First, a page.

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2018 Fantasy Football Draft Prep: Jamey Eisenberg

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As we all know, things change. And in the NFL, when things change, we as Fantasy owners — and analysts — have to adjust. It’s part of life.

So when I first wrote Breakouts 1.0 in February, before free agency and the NFL draft, most of it was speculation. I feel good about several of the players listed there, some of whom will be repeated here in version 3.0, which is my all-star breakouts list. Those players include Deshaun Watson, Jimmy Garoppolo, Derrick Henry, Joe Mixon, Jamaal Williams, Chris Carson, Corey Davis and Will Fuller.

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In Breakouts 2.0, which was done following the NFL Draft, I had some players who looked like they were headed into good situations, but things might not be so rosy now. Those guys included Jerick McKinnon, Rashaad Penny and Ronald Jones. I also had Derrius Guice as a breakout, and I was confident he’d be a star as a rookie, but unfortunately he suffered a torn ACL.

Maybe next year for Guice.

For this season, I’m still confident in McKinnon, but a calf injury in the preseason has put a slight damper on my optimism. He also has a ridiculously high Average Draft Position in Round 2 at No. 23 overall, and even I don’t like him that much.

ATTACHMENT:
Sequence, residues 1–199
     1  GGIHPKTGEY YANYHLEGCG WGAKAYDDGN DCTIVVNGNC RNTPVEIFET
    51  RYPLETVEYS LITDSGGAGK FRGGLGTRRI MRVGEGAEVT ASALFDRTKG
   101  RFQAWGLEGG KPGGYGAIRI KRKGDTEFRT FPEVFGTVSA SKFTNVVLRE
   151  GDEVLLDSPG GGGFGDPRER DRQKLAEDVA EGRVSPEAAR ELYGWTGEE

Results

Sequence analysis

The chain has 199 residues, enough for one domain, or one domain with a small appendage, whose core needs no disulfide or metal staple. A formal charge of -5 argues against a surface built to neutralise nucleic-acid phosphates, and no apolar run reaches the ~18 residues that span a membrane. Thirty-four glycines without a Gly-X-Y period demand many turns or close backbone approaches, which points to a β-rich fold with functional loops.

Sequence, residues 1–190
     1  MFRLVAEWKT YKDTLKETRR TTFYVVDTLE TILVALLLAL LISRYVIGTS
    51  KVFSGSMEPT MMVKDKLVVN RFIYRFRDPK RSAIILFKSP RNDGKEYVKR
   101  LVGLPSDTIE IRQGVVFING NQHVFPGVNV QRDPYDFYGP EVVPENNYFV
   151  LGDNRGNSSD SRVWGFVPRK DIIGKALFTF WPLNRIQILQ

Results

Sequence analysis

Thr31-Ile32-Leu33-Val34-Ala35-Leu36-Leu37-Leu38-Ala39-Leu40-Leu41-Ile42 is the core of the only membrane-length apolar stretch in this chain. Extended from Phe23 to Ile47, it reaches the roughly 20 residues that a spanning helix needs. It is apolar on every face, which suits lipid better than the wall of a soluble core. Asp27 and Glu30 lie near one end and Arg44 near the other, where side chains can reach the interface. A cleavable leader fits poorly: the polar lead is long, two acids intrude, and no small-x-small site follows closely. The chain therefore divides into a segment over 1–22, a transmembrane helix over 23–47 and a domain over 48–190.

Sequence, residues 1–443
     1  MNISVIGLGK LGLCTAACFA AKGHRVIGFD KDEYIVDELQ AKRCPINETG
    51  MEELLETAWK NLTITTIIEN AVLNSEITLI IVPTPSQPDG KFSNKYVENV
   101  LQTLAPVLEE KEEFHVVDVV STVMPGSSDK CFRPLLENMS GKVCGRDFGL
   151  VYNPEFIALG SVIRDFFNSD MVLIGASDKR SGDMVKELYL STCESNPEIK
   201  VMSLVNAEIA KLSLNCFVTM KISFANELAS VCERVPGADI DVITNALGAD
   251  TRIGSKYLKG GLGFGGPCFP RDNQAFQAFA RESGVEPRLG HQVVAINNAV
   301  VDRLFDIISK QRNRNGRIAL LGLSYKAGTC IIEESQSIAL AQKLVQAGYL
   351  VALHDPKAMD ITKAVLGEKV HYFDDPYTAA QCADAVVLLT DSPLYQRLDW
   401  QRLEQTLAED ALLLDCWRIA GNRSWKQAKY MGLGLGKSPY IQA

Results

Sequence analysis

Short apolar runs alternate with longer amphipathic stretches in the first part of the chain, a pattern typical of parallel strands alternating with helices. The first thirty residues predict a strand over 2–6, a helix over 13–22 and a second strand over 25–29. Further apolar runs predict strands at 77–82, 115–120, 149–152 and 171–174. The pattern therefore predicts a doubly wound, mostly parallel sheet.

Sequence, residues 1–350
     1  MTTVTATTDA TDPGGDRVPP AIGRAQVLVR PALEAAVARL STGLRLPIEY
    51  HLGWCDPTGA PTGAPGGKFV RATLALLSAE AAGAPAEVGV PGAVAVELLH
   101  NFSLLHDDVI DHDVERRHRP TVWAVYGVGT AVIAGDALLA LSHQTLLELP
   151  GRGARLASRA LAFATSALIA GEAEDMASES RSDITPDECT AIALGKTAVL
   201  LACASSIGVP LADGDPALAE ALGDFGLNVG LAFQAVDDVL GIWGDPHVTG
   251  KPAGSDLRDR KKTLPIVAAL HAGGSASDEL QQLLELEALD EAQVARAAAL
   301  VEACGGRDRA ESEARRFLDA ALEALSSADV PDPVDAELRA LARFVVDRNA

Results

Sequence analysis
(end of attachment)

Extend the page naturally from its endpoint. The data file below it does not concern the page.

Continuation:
By drafting McKinnon in Round 2, you’re taking him with the expectation he will produce at his ceiling. And that’s likely unrealistic for him in becoming a first-time featured back with the 49ers, even as good as Kyle Shanahan has been with his running backs during his coaching history.

I’m still targeting McKinnon as a breakout candidate, but I’m only drafting him toward the middle of Round 3. And his calf injury and ADP forced me to remove him from this list.

Penny and Jones are also no longer breakout candidates and look more like busts. Penny was behind Carson on the depth chart in Seattle before suffering a broken finger, and his status for Week 1 is in doubt. And Jones has struggled through two preseason games, and he’s behind Peyton Barber on the depth chart in Tampa Bay.

I hope nothing changes for the players listed here with two preseason games still to go, but as well we all know, it’s the NFL, which means anything can happen. Still, these are the players I’m targeting in the majority of my leagues because I’m expecting all of them to be breakouts in 2018.

Quarterbacks

Watson looks fully recovered after suffering a torn right ACL in early November. And he’s someone to consider as a top-three Fantasy quarterback this year. We all saw the upside last year before he got hurt, as he averaged 35.8 Fantasy points in his final five starts, including three games with at least 40 points. We hope he doesn’t shy away from running the ball following his knee injury because he averaged 5.8 Fantasy points with his legs during his six starts. He has a tremendous receiving corps with DeAndre Hopkins and Fuller, who remains a breakout candidate also after he averaged 17.0 Fantasy points per game in a non-PPR league in four starts with Watson.